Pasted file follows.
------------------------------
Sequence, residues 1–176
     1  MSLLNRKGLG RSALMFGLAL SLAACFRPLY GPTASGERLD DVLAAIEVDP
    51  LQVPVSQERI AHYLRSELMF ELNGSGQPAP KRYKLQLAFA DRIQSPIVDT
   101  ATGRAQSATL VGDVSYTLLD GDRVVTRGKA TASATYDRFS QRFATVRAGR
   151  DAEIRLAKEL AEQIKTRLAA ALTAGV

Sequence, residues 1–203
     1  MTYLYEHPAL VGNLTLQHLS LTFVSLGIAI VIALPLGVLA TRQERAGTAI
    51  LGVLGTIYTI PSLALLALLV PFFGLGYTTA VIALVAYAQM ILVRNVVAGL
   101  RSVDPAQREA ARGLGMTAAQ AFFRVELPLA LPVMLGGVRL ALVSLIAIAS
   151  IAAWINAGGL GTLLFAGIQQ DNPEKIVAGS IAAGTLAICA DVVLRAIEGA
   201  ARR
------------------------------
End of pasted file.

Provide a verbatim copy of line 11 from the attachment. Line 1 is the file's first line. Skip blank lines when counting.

   201  ARR